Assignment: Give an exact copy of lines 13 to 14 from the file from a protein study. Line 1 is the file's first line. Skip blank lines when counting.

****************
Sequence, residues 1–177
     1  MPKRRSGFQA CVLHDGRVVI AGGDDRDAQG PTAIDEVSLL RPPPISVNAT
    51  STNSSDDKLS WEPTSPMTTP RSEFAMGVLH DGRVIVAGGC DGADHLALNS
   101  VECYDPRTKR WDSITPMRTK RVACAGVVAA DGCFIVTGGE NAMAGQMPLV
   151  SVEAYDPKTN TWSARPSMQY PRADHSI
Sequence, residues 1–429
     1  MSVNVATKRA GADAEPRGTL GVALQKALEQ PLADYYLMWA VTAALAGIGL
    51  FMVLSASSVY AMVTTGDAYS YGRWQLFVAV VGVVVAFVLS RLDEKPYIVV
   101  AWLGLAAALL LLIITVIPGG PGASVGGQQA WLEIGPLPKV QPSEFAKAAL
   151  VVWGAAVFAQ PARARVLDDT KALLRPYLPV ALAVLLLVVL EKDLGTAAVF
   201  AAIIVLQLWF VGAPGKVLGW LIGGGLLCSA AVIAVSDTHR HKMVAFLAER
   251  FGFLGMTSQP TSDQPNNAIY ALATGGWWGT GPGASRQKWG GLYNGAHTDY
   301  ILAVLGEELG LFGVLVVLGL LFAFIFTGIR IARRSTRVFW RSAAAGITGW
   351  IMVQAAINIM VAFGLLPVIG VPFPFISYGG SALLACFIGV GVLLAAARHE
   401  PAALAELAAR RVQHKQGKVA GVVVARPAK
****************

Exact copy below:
   301  ILAVLGEELG LFGVLVVLGL LFAFIFTGIR IARRSTRVFW RSAAAGITGW
   351  IMVQAAINIM VAFGLLPVIG VPFPFISYGG SALLACFIGV GVLLAAARHE